Turnip (Brassica rapa) is a fresh market root vegetable that reaches maturity about 50-70 days after planting. Turnip leaves are usually hirsute (hairy) and light- to medium-green in color and can be eaten as greens. Varieties grown for greens reach maturity about 30-45 days after planting. Varieties grown for roots are designated as salad or storage varieties, with salad turnips being tender, mild, and able to be eaten raw, whereas storage turnips are more commonly cooked before eating, although there is some overlap. Salad turnips reach maturity slightly faster (35-50 days after planting) than storage turnips (45-70) days after planting. Turnip roots generally have little or no neck and a distinct taproot. Best quality results when the crop reaches edible size under moderately cool temperatures.
Rutabaga (Brassica napa, napobrassica group) is commonly known as yellow turnip or swede. It is thought to be a cross between turnip (B. rapa) and wild cabbage (B. oleracea) and developed in central Europe. The leaves are bluish in color, thick and waxy like cabbage leaves, and smooth. Rutabagas have short necks with leaf scars, and they require about a month longer to mature than turnips (90-100 days). In northern New England, rutabagas are more popular than turnips. If planted early in the spring, rutabagas will be of poor quality (woody and tough). For best quality, plant from mid-June to mid-July in northern to southern New England, respectively, timing harvest to occur in the cool weather of fall after a few light frosts.
Types and Varieties
|Rutabaga and Turnip Varieties|
|Turnip for Greens||Rutabaga|
|Southern Green||Macomber Turnip (popular in southeastern MA)|
|Turnip for Storage|
|Turnip for Salads||Purple Prince|
|Bella Luna||Purple Top White Globe|
|Hakurei F1||Scarlet Ohno Revival|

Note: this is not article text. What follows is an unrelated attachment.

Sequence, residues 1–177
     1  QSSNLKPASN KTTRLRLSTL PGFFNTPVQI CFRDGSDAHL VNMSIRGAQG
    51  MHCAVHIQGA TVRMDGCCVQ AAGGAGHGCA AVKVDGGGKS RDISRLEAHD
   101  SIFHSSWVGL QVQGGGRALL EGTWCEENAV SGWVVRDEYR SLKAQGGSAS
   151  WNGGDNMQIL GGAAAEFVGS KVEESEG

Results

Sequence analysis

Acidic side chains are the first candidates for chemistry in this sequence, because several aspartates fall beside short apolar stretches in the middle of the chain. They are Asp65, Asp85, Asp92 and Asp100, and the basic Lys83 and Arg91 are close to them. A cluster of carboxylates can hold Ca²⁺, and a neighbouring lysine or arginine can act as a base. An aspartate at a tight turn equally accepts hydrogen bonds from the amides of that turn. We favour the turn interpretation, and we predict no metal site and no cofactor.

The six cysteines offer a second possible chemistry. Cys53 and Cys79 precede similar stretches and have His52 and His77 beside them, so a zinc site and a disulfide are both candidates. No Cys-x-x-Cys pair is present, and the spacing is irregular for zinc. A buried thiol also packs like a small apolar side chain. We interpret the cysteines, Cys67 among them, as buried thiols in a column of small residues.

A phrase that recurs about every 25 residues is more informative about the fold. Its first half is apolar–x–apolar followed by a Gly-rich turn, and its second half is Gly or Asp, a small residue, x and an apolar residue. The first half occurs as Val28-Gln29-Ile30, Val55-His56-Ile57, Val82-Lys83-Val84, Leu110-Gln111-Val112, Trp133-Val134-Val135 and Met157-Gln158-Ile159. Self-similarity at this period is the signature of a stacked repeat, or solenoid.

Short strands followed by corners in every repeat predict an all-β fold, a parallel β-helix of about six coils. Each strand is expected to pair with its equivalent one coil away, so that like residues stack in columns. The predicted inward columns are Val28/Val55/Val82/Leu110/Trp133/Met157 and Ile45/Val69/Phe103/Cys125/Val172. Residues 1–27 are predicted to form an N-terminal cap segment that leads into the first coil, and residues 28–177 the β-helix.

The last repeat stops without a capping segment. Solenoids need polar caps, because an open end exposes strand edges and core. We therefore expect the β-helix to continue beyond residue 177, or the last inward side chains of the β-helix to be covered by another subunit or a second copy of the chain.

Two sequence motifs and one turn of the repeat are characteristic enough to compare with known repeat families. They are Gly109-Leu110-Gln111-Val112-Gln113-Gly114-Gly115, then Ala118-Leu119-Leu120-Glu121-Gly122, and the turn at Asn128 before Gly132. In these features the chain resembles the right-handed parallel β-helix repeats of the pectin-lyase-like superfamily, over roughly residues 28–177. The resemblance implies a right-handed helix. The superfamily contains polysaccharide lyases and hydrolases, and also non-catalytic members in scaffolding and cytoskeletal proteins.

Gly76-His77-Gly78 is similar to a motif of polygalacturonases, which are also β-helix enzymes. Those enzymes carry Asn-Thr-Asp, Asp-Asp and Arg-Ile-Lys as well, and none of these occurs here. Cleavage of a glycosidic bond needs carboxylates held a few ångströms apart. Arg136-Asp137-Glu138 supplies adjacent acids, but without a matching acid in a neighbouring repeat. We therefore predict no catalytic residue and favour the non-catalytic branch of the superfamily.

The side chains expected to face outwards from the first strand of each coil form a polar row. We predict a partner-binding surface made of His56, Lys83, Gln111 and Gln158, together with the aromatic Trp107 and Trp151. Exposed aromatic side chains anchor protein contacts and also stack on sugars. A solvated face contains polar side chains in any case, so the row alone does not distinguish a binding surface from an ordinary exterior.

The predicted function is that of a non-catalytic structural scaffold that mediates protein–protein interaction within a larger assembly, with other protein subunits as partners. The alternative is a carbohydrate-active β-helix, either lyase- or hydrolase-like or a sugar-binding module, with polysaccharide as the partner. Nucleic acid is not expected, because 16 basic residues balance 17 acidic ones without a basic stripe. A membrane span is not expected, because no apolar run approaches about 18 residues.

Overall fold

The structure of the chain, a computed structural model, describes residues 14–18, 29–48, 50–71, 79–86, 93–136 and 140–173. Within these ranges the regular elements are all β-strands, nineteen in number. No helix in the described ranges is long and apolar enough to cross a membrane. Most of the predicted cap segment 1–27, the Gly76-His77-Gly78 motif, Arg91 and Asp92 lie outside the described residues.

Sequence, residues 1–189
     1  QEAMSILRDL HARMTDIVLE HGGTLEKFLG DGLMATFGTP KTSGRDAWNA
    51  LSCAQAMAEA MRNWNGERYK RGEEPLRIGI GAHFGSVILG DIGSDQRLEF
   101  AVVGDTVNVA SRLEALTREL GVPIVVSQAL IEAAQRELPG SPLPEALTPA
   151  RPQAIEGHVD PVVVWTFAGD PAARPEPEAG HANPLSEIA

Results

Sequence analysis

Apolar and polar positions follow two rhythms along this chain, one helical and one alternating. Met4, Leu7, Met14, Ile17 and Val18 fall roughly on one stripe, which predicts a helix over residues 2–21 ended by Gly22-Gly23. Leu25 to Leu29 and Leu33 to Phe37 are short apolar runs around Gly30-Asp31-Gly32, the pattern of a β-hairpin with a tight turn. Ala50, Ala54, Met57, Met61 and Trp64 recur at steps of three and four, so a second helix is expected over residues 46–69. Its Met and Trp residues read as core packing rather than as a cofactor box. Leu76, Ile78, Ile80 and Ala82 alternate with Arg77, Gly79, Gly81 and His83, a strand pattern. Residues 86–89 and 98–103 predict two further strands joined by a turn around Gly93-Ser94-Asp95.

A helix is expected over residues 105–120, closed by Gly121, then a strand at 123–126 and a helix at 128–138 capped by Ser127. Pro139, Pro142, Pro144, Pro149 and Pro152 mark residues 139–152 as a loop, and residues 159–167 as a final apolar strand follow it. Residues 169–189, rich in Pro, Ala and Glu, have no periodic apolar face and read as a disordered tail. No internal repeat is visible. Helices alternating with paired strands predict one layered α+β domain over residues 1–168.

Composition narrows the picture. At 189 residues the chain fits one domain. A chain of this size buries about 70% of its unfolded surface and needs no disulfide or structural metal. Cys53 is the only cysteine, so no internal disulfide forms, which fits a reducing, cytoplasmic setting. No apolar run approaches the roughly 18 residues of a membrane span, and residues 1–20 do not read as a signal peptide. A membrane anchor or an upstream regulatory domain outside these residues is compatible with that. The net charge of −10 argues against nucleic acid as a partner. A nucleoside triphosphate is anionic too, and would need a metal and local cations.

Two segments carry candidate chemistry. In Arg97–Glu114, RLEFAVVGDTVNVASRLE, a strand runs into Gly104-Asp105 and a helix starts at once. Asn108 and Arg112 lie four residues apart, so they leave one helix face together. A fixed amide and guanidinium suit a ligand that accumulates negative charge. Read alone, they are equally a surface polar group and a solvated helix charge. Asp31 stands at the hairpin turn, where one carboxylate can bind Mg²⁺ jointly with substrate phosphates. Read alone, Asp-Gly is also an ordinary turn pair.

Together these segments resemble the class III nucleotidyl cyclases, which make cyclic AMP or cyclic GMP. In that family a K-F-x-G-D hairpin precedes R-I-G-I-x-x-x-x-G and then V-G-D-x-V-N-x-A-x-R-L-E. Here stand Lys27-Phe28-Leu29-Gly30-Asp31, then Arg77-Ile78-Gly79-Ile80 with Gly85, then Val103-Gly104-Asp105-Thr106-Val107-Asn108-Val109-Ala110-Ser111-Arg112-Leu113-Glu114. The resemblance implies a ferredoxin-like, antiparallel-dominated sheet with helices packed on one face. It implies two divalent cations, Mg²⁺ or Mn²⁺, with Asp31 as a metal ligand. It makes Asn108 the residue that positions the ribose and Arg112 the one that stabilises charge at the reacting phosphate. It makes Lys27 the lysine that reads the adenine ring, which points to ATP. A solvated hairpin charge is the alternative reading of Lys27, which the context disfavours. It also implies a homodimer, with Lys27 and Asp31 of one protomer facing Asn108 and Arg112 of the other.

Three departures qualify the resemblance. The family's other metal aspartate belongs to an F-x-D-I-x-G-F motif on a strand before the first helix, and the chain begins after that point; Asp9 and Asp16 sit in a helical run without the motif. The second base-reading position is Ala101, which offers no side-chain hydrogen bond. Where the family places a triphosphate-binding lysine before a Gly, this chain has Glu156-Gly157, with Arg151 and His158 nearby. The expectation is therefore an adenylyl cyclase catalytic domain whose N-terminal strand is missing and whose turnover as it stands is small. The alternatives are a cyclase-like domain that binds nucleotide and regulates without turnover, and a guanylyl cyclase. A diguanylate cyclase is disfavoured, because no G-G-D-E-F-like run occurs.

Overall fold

|Hirosaki Red||Violet Queen|
|Scarlet Ohno Revival|
|Scarlet Queen Red Stems|
|Tokyo Silky Sweet|
Apply lime according to soil test results to maintain soil pH at 6.5-6.8.
Turnip following other vegetables in the same season may not require the application of additional fertilizer as turnip is an efficient scavenger of residual nutrients.
|PLANT NUTRIENT RECOMMENDATION ACCORDING TO SOIL TEST RESULTS FOR RUTABaGA AND TURNIP|
|RUTABAGA AND TURNIP||NITROGEN (N) LBS PER ACRE||PHOSPHORUS (P) LBS P2O5 PER ACRE||POTASSIUM (K) LBS K2O PER ACRE|
|SOIL TEST RESULTS||VERY LOW||LOW||OPTIMUM||ABOVE OPTIMUM||VERY LOW||LOW||OPTIMUM||ABOVE OPTIMUM|
|Broadcast and Incorporate||50||150||100||25-50||0||100||75||25||0|
Rutabaga: Seed to 4-8" within rows and 30" between rows 0.25" deep. This requires 1.5-2 lb of seed per acre (about 1/4 oz per 100 feet of row).
Turnip: Seed to 2-3" within rows and 14-18" between rows 0.5" deep. This requires about 6 lb of seed per acre (or about 0.33 oz/100 ft row.)
Harvesting and Storage
Mature salad turnips are harvested when the roots are about 2" in diameter; storage turnips can be harvested slightly larger. Both types of turnip can become pithy if harvested too large. For highest quality, rutabagas should be harvested when they are 3-5" in diameter at the top end and weigh 2-3 lb. Rutabagas and turnips can be stored for long periods at 32º F and at a relative humidity of 90-95%. Chilling prior to harvest improves the flavor of rutabagas by aiding the conversion of starch to sugar, reducing strong or bitter flavor.